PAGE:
Window Galleries could transform business and vacant storefront windows in Old Vancouver into art galleries, showing the work of local artists.
Very few artists have the opportunity to display their work publicly. This would be a chance for them to do so and at the same time, since art is known to be uplifting, to inspire residents of the area. It would also attract tourists and art lovers from all over the city to a part of town not often visited on foot. Hopefully, over time, the displays would create a new “vibe” to the streets, adding to its safety and affording economic benefits to both artists and shop owners.
We are looking for artists whose work can be displayed in those windows and we hope those artists will identify others who might also be willing to display their work.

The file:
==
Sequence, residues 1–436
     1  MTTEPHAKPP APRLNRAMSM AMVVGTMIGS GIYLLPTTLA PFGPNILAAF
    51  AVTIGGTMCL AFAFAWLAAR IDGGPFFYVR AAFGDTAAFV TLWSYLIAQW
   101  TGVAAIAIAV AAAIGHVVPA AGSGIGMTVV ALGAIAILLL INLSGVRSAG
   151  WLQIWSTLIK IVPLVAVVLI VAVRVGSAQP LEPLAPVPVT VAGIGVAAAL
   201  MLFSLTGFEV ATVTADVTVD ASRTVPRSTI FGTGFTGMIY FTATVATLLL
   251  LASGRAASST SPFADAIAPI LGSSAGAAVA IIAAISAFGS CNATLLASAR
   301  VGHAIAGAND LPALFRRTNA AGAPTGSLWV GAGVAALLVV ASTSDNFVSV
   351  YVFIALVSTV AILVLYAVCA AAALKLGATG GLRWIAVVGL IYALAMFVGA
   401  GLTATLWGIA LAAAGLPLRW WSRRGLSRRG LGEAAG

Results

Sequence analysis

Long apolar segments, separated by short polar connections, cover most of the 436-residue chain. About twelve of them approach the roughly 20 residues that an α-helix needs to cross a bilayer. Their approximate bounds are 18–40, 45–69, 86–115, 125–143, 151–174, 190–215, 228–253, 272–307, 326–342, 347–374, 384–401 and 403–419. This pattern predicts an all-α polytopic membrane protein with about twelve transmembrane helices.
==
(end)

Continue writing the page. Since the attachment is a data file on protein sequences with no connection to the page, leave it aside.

And we are looking for building owners who would offer their vacant or under-used storefronts to be turned into art galleries.
The project will be a creative entrepreneurial connection – a cultural collaboration and exchange.
The artwork will be changed monthly and be featured and sold on-line.
(Roger, we should explore other ways of selling as once customers leave the window gallery, chances are they will not follow up.)
As well as providing venues for artists to show their work and nurture their creative neighbours, this project would provide curating mentorship to interested Old Vancouver residents – initially, an experienced curator will collect the work to be shown and will then pass on those skills to interested residents of the community.
Lynne McNamara spent 21 years showing the work of BC artists in the windows of Granville Mall Optical at Robson and Granville in downtown Vancouver.
Over the years, the window displays became a monthly destination for art lovers all over the Lower Mainland.
McNamara also curated the Vancouver Art Gallery’s successful fundraising benefit event, Art After Dark, with works from scores of local artists including Judson Beaumont, Nick Bantock and Elaine Brewer-White on display in the beautiful neo-classical space.
Window galleries make art accessible, improve the public realm, showcase artists, contribute to art appreciation